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The failure here is connected to that broken promise. "Free" or single-payer health care is a mirage. No state can provide adequate health care to its citizens without some kind of rationing. Along comes the "Right to Die" movement volunteering to do some of that rationing all on its own. It's a win-win for the state. So Californians can have all the freedom they want as long as they're literally willing to die for it. The state wants to keep intact its health regulatory monopoly and its expanding near-monopoly on actual care. This law helps that happen. So look for more states to get on the euthanasia bandwagon soon enough.
And Governor Brown's decision just days later to veto the so-called "Right to Try" bill makes the state's true intentions about life and death even more clear. That bill would have allowed terminally ill people to have access to experimental drugs or devices not yet approved by the FDA. Brown says he opposed the bill because he wants to give more of a chance to the FDA's relatively new program that allows a little more leeway on pre-approved drugs. And he also sided with critics who said this program dangerously takes advantage of vulnerable people and their possibly impaired decision making process.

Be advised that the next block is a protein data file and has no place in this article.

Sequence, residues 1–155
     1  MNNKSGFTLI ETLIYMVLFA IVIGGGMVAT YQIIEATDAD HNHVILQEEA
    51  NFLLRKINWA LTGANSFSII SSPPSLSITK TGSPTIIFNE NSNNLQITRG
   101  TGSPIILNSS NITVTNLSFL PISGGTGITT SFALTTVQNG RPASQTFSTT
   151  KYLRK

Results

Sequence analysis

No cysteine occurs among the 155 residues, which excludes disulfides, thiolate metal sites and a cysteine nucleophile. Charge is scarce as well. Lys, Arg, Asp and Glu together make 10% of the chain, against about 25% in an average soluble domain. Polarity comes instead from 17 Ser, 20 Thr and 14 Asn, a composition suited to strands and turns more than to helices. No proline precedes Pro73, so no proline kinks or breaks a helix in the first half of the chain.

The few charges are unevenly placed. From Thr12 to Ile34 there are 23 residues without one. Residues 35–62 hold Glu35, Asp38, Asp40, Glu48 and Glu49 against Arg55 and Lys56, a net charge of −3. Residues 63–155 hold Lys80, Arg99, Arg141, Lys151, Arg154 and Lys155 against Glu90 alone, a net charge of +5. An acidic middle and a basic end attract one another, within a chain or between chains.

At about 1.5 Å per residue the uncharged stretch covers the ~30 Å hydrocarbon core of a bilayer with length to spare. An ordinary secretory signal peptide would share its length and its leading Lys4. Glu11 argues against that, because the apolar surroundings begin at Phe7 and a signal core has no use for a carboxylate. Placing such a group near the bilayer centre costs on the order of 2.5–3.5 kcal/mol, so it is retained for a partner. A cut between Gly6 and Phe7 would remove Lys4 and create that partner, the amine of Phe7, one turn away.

More baloney. The real message is this: if you're a terminally ill person who wants to die, the state is all for honoring your wishes and getting out of your way. But if you're a terminally ill person who wants to live, the state better step in and make sure you don't make any crazy decisions you might regret later. The real reason for all of this is again money and power. The state doesn't want to see any more of these experimental life saving drugs become an approved staple medication that it will have to pay for down the road. It also doesn't want to empower patient advocates who constantly demand more government health coverage. The cynicism evident in Brown's actions is stunning even for those of us who have become cynical about the government's cynicism.
What's driving this outrageous example of life decision tyranny? More failure. The state is failing to meet the cost of vital prescription drugs for the people it claims to be caring for. Its response is not to overhaul or trash its failing system, but to preemptively work to kill off more costs by slowing or permanently blocking more of those drugs from coming to market or being used at all. It's kind of like a kid who's failing at math and responds by getting his parents to get math taken out of the curriculum.
There's a lot of talk these days about how big corporations and Wall Street firms often get bailed out by the taxpayers when they fail. And we know that it's happened a few times from the Detroit automakers to the big banks. But from lotteries to very issue of life and death, there's nothing more constant than government failure and the huge price it extracts from its citizens every time it fails. Heads they win, tails you lose.